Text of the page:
Arthur Middleton '01 Receives Watson Fellowship
Story posted April 01, 2003
Bowdoin College senior Arthur D. Middleton of Mount Pleasant, S.C., has been awarded a Thomas J. Watson Fellowship to pursue an independent research project outside the United States for one year after graduation.
An English and government major at Bowdoin, Middleton will travel to Ireland, Scotland, Mongolia, Kazakhstan, Turkmenistan, and South Africa for his project "Falconry: Ancient and Modern."
Middleton became interested in wildlife at a very young age, and eventually became interested in falconry through volunteer work at the South Carolina Center for Birds of Prey (SCCBP) in Awendaw, S.C. (a raptor rehab and research facility). The director of SCCBP encouraged him to visit a well-known falconer in England, which he did after his sophomore year at Bowdoin.
He stayed in Gloucestershire and Northumberland learning falconry methods for over a year, then worked for several months in Panama as a field assistant at the Peregrine Fund's Neotropical Raptor Center.
When he returned to Bowdoin he went through the falconry licensing process in Maine, and in November 2001 trapped an immature red-tailed hawk near Portland. He lived off campus and hunted with her off and on until mid-March 2003, when he released her. She is now at large, once again, in southern Maine.
In describing his project, Middleton explained that people practice falconry for a number of reasons.
“Where falconry is most ancient--in Central Asia and in the Middle East--tradition itself underlies falconry's significance and ensures its ongoing practice,” he said. “Where falconry is most modern, in the Western countries, falconry is practiced less for its historical significance and more for its value to each individual falconer. For many Western falconers, falconry provides an unusually direct relation to nature in an increasingly synthetic environment. Less commonly, falconry is important as a means of acquiring food or fur. And to every falconer in the world, some element of its significance is the challenge and the excitement it consistently presents.”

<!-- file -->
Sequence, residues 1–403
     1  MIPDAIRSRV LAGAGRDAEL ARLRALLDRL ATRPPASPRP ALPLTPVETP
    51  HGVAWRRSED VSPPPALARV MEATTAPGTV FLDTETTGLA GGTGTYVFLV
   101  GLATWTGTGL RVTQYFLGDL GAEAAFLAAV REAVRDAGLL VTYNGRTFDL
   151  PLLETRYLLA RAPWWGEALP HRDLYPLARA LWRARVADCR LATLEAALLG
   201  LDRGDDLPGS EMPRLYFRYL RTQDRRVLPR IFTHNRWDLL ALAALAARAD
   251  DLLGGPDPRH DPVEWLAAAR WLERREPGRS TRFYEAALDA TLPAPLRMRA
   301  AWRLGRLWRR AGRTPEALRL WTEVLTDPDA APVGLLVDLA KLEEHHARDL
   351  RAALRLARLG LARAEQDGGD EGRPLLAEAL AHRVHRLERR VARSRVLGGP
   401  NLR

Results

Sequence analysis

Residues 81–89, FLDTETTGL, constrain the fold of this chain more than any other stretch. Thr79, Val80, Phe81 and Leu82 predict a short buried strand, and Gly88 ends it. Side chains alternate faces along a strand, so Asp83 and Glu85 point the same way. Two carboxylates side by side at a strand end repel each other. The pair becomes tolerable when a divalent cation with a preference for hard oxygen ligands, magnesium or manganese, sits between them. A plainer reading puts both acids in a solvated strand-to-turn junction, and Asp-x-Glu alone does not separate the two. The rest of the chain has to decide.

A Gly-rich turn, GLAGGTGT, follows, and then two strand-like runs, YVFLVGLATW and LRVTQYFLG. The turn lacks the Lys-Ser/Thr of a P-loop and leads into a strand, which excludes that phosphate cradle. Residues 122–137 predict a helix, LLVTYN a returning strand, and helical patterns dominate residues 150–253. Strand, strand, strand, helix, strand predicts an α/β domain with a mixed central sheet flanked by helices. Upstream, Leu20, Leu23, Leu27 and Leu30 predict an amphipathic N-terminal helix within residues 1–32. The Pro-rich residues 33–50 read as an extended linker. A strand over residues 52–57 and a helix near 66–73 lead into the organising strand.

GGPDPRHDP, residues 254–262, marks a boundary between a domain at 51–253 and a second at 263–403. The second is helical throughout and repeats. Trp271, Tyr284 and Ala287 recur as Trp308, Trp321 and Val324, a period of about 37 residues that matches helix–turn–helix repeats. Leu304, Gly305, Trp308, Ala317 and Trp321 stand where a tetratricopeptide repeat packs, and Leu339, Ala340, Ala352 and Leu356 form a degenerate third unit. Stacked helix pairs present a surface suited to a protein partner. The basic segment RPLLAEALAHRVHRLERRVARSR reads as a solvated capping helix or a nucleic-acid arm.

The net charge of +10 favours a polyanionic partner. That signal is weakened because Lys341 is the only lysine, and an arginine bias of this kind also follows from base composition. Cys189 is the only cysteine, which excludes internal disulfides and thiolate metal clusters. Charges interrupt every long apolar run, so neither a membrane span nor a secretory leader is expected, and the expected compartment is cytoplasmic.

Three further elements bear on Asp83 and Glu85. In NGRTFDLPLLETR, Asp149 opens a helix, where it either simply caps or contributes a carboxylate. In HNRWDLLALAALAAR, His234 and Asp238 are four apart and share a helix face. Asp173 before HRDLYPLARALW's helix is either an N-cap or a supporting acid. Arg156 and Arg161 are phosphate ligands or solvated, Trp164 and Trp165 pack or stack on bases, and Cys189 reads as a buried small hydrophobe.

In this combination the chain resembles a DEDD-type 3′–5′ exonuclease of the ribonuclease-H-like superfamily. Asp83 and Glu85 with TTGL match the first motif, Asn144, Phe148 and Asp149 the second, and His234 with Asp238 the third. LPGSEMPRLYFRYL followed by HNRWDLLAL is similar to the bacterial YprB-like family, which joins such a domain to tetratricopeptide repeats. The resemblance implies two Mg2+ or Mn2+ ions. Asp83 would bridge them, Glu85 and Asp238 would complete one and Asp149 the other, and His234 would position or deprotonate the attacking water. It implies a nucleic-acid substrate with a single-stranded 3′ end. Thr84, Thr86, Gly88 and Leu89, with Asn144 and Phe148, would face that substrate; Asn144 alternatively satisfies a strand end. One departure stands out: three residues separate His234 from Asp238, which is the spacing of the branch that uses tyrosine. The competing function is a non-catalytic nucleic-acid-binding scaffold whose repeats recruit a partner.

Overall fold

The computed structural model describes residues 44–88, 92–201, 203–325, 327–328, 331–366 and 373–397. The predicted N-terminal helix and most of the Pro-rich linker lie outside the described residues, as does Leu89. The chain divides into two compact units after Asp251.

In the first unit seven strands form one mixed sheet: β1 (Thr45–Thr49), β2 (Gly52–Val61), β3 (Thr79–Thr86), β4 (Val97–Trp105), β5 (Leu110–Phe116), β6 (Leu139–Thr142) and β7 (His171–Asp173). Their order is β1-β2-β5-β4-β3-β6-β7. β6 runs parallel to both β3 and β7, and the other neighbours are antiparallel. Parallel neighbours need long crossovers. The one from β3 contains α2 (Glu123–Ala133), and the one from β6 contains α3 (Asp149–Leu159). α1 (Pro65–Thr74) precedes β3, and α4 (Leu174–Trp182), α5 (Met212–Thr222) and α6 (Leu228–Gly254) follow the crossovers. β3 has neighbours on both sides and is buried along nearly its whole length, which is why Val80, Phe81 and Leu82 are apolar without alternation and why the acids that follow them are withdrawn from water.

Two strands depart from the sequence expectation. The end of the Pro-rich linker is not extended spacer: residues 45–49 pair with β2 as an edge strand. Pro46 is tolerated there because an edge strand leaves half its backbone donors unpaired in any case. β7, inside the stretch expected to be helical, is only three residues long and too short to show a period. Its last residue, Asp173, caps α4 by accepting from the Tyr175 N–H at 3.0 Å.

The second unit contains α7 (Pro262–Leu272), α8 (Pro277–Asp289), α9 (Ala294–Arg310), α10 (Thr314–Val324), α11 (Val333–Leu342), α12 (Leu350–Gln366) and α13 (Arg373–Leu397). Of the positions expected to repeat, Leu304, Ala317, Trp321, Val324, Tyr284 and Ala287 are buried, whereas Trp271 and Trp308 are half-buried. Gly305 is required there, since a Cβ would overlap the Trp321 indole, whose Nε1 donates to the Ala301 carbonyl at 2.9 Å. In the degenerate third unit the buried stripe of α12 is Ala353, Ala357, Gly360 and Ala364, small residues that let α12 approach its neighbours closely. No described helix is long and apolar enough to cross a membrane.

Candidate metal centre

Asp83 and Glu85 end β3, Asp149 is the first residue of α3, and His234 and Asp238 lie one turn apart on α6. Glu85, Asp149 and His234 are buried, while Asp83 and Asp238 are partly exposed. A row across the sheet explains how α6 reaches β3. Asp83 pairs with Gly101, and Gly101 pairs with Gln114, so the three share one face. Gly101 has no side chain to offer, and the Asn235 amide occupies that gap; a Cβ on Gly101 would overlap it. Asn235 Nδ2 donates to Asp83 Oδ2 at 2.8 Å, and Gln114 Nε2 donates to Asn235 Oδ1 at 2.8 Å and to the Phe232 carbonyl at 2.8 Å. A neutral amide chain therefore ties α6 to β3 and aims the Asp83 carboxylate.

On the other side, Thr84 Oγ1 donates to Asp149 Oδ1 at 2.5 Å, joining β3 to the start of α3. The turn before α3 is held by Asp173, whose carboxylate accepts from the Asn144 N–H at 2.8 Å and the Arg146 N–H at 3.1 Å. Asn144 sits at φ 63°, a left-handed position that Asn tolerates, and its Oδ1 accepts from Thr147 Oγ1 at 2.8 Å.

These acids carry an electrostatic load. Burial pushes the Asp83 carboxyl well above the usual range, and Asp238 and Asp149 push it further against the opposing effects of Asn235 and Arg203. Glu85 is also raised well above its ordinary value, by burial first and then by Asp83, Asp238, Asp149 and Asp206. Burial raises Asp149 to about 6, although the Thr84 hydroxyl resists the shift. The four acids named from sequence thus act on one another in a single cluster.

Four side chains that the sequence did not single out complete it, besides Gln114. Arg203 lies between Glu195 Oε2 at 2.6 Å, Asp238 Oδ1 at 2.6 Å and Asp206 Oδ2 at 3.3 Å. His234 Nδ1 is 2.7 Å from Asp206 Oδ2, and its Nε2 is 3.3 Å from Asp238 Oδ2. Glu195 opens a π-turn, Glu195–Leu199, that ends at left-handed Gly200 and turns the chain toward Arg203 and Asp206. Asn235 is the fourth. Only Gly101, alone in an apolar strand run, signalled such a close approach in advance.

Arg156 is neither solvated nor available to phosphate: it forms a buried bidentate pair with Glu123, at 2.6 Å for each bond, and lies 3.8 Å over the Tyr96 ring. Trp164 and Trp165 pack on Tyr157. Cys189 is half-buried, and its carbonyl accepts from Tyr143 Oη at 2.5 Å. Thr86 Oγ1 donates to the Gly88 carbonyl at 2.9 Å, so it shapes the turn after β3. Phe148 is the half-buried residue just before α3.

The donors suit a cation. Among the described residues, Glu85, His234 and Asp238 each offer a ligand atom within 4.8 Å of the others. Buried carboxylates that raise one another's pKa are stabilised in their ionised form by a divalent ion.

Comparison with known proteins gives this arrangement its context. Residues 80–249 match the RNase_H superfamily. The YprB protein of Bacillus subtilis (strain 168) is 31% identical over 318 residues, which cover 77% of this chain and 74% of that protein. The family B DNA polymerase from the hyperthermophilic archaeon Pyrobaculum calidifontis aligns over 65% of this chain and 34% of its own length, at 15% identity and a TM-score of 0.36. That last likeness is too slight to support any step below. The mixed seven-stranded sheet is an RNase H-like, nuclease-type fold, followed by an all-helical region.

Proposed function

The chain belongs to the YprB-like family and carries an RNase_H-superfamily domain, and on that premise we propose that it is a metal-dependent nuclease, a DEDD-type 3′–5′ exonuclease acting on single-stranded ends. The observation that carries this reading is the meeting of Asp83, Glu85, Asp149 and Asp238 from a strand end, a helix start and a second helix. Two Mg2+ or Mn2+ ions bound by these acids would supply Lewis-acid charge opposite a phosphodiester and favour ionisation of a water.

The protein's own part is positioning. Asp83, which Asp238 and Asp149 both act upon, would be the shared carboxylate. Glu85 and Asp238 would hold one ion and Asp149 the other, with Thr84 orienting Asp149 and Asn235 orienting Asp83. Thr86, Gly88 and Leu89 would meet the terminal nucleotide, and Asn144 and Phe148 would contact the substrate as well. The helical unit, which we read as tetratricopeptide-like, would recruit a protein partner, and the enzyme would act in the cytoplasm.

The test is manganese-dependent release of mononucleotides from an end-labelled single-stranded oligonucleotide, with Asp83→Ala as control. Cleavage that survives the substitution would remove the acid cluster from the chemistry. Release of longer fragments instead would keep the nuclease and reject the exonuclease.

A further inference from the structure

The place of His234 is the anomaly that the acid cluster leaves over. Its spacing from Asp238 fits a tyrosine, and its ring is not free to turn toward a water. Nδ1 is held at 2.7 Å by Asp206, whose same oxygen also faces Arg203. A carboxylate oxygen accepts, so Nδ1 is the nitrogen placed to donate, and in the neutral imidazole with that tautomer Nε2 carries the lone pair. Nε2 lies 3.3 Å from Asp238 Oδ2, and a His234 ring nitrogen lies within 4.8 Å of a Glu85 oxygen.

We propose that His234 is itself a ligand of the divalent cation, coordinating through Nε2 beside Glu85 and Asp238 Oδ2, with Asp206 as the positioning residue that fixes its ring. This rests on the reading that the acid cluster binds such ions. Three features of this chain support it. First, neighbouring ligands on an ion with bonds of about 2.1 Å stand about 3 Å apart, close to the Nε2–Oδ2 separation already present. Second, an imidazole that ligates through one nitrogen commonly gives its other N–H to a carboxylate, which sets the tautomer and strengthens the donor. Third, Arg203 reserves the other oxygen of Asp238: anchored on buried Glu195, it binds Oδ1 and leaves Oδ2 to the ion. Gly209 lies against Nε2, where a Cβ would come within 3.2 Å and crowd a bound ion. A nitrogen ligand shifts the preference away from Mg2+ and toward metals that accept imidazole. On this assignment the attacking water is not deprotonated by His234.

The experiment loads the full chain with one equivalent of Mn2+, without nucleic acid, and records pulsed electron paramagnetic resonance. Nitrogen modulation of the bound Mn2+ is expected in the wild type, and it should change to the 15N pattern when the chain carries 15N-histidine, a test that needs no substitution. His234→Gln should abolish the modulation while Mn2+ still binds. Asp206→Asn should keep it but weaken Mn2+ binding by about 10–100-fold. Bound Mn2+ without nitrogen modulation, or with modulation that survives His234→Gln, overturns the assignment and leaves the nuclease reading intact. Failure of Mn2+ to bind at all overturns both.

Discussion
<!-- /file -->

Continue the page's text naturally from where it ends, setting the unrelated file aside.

His Watson project will take Middleton to places where falconry is practiced for one or all of these reasons.
“Perhaps more importantly,” he said, “I plan to use falconry as a means to explore places I would not otherwise go, or places where the bond of knowledge between falconers can help me to transcend cultural and linguistic obstacles--to use falconry as a 'passport' to unusual places.”
Middleton is among 48 college seniors nationally who have been chosen to receive a 2003 Watson Fellowship. Each will receive $22,000 for their year of travel and study.
The Thomas J. Watson Fellowship Program was created in 1968 by the children of Thomas J. Watson Sr., the founder of IBM Corporation, and his wife, Jeannette K. Watson, to honor their parents' long-standing interest in education and world affairs. The program identifies prospective leaders and allows them to develop their independence and to become world citizens.
"We look for extraordinary young men and women of extraordinary promise, individuals who have the personality and drive to become the leaders of tomorrow," said Norvell E. Brasch, the executive director of the Thomas J. Watson Fellowship Program and a former fellow. "The program is designed to fund the most creative dreams of our fellows with a minimum of restrictions. The world is their canvas and we let them tell us how they want to paint it."
Nearly 1,000 students from 50 selective private liberal arts colleges and universities applied for the awards. Each student must first be nominated by their college or university, then compete on a national basis.
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